Hysteroscopy involves visual examination of the inside of the uterus to diagnose and/or treat problems of the womb (uterus). A hysteroscope is a medical instrument used for hysteroscopy procedures. It consists of a thin, lighted tube with a camera at the end. It plays a crucial role in fertility evaluation and treatment.

How is Hysteroscopy performed?

Brief overview of the typical procedure of hysteroscopy:

  • Preparation: The patient is given medication to help relax the uterus; local or general anaesthesia might be used depending on the extent of the procedure.
  • Positioning: The patient is usually positioned on her back, with legs in stirrups.
  • Insertion of hysteroscope: The hysteroscope is then carefully inserted through the cervix into the uterus. The procedure can be done using either a rigid or flexible hysteroscope.
  • Visual examination: The hysteroscope allows the doctor to view the uterine lining and the openings to the fallopian tubes; images may be captured for documentation.
  • Treatment procedures and biopsy: If abnormalities are detected, the doctor may perform minor surgical procedures like removing polyps, fibroids, or taking a tissue biopsy. This can help diagnose and treat various conditions.
  • Conclusion: Once the procedure is complete, the hysteroscope is removed, and the patient is monitored for a short period.
  • Recovery: Recovery time is typically short, and patients may experience mild cramping or discomfort. Most can resume normal activities within a day.

When is hysteroscopy used?

Hysteroscopy is used for diagnosing and treating various uterine issues. Common uses include:
Diagnosis of Abnormal Uterine Bleeding: Hysteroscopy helps in investigating the cause of irregular or heavy menstrual bleeding.

  • Treatment of uterine abnormalities: If abnormalities are detected during hysteroscopy, this can be often treated immediately. For example, polyps or fibroids can be removed, improving the chances of successful implantation and pregnancy.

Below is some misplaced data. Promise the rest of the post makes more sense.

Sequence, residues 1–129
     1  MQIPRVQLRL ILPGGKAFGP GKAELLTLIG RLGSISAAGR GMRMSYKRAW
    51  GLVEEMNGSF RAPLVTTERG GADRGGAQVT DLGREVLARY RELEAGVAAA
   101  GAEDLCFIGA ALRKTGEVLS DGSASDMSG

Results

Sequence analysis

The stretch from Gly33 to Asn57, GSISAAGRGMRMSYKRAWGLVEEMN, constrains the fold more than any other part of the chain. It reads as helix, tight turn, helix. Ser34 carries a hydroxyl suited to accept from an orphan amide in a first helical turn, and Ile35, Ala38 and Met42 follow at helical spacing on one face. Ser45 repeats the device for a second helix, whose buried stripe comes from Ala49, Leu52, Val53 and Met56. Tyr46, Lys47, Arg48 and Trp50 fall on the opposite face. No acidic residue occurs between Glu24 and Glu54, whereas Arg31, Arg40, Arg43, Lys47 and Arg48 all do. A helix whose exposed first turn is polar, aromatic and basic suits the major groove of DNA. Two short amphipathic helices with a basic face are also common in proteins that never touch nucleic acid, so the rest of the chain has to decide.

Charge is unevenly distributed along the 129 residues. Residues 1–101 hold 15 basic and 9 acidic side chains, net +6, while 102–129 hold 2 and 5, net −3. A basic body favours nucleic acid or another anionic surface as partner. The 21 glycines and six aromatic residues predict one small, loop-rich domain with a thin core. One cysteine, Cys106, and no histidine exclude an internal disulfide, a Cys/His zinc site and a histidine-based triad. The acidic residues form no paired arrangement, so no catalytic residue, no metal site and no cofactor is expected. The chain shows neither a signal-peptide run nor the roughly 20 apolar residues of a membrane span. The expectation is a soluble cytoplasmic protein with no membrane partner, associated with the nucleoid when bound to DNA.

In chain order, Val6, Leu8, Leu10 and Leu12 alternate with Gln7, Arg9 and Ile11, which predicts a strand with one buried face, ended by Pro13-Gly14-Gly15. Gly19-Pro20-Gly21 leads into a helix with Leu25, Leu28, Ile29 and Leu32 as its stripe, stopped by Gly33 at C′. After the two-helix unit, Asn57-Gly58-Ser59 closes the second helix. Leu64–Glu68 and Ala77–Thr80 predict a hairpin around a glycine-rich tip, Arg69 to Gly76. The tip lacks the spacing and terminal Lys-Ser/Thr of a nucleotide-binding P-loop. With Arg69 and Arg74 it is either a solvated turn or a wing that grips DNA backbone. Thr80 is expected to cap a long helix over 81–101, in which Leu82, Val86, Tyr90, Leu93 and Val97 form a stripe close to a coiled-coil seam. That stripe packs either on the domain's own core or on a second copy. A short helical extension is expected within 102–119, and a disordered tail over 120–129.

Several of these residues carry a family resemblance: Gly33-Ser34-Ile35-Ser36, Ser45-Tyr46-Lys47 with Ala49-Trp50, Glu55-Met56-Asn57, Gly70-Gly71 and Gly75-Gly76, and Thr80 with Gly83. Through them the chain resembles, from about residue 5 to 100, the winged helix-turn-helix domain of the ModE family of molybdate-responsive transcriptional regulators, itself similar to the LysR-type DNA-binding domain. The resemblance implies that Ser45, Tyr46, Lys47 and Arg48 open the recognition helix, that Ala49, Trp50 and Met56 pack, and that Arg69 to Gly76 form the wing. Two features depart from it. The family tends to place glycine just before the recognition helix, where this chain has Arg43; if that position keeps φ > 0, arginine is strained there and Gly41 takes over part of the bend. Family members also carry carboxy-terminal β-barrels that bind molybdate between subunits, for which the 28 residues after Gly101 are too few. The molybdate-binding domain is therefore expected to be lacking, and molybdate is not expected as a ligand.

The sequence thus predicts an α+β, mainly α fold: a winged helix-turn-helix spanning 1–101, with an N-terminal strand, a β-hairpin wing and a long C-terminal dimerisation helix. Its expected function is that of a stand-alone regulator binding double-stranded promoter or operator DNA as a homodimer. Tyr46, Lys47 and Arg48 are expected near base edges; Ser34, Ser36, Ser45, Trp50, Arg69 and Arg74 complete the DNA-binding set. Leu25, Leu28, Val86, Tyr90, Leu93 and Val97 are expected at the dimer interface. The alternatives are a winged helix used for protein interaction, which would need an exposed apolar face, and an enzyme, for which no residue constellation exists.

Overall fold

• Investigating recurrent pregnancy loss: Recurrent miscarriages may be linked to uterine abnormalities. Hysteroscopy helps in identifying and addressing such issues, potentially the chances of a successful pregnancy.
  • Diagnosing and treating Uterine Adhesions: Intrauterine adhesions, also known as Asherman’s syndrome, can result from previous uterine surgeries or infections. Hysteroscopy allows the diagnosis and treatment of these adhesions, restoring the normal uterine environment for infertility.
  • Evaluation of Tubal openings: Hysteroscopy allows visualization of the openings of the fallopian tubes into the uterus. This is crucial for assessing tubal patency, which is vital for natural conception.
  • Assessment of uterine shape and size: Uterine abnormalities like a bicornuate or septate uterus can impact fertility. Hysteroscopy provides a detailed view of the uterine anatomy, helps in understanding potential challenges and guiding appropriate interventions.  
  • Endometrial Ablation: A procedure to treat abnormal bleeding by removing or destroying the uterine lining.
  • Biopsy: Collecting tissue samples for further examination if there are concerns about abnormalities. 

In summary, hysteroscopy serves a pivotal role in the assessment and treatment of infertility. It enables the identification and immediate resolution of structural abnormalities by providing  direct visualization of the uterine cavity . Its utility to offer both diagnostic insights and on-the-spot treatment makes it an integral component of infertility evaluation, contributing to improved reproductive outcomes for individuals facing infertility challenges.